The rule of law: what does it really mean?

In a keynote speech at Gray’s Inn on 15 February 2022, I. Stephanie Boyce, president of the Law Society, set out her view of what the rule of law means.
I. Stephanie Boyce speaking at her inauguration as president of the Law Society
Photograph: Michael Cross/Gazette

The rule of law is at the heart of what it means to be a lawyer.

Stephanie’s speech addressed different understandings of the rule of law, and the perception that it can clash with how political institutions operate.

Read Stephanie’s speech about the rule of law

Public perception of the rule of law: fair play

I. Stephanie Boyce discussed findings from the research we commissioned into the public’s understanding of the rule of law.

In our research, we wanted to understand what members of the public thought of the rule of law, and the justice system more generally.

We found that what matters to the public is that the law applies equally to everyone, and that we all follow the rules. They were also against anything that might tilt these rules in favour of one person or group.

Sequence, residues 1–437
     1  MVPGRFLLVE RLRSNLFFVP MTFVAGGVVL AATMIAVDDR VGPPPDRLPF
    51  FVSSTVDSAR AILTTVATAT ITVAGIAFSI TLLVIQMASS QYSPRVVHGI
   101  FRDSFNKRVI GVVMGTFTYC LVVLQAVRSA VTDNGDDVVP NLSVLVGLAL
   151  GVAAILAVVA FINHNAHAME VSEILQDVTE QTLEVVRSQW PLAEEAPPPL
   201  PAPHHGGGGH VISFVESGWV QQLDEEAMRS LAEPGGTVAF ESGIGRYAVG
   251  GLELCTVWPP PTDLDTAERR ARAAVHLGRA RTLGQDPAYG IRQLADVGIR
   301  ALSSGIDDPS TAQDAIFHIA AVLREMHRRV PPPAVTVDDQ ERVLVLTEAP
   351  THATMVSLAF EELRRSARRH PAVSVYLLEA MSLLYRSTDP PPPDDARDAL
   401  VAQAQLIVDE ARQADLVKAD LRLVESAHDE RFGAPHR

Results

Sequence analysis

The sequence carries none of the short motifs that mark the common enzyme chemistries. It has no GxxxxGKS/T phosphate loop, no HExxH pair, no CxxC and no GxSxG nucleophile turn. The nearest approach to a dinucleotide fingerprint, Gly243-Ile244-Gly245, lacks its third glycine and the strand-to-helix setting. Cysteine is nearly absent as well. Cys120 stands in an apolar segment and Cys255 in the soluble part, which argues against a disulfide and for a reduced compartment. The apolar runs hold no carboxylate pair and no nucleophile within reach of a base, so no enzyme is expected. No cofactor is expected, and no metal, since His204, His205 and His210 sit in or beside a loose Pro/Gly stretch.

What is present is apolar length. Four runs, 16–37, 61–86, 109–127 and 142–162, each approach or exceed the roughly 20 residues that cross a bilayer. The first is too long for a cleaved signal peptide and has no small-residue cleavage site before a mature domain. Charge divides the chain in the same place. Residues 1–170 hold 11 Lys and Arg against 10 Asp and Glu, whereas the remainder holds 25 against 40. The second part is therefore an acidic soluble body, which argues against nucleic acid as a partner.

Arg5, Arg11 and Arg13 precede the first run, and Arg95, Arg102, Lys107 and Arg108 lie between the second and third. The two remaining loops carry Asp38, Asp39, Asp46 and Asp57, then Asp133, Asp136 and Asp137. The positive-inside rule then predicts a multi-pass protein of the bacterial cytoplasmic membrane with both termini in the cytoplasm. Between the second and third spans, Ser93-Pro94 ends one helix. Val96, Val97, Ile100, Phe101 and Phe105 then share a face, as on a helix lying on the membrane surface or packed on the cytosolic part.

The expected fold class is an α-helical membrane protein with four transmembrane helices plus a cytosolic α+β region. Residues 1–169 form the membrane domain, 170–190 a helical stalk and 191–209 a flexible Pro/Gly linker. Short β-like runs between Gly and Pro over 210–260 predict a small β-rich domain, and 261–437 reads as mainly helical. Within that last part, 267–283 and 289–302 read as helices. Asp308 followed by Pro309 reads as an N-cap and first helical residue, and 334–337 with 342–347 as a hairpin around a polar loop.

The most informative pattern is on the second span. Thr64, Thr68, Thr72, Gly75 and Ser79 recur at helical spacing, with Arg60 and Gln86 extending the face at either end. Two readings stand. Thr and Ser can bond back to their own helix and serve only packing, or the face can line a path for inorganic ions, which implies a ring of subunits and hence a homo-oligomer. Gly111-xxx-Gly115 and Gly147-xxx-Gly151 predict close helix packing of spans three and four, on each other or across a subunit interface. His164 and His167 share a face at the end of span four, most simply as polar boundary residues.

Stephanie argued therefore that the public’s understanding of the rule of law is based on one fundamental principle: fair play.

The British people’s focus on respecting the rules of the game and their commitment to fair play ensures an appropriate balance of political and legal authority: parliament makes the law, and the judiciary sees to it that it is applied equally to all.

Tension between the legal and political?

Some believe that political and legal institutions are increasingly in conflict in a way that is damaging to the UK.

Drawing on findings from our research, Stephanie argued that the two systems work together to ensure that fundamental British freedoms are upheld without threatening the principle of parliamentary supremacy.

Although there can be tension, in many ways our unique legal system works alongside our political system to avoid the standoffs that can occur in other sophisticated legal systems across the world.

This coexistence allows the British system to work without the need for higher law, written constitutions or a judiciary that can strike down legislation.

Judicial review and the Human Rights Act

Finally, the president uses this understanding of the rule of law to explain the importance of:

  • ensuring judicial review retains its teeth, and
  • maintaining key rights protections in the Human Rights Act, in light of government reform proposals

Find out more about our views on the proposed judicial review reforms

Read about the proposed Human Rights Act reforms and what this means for solicitors

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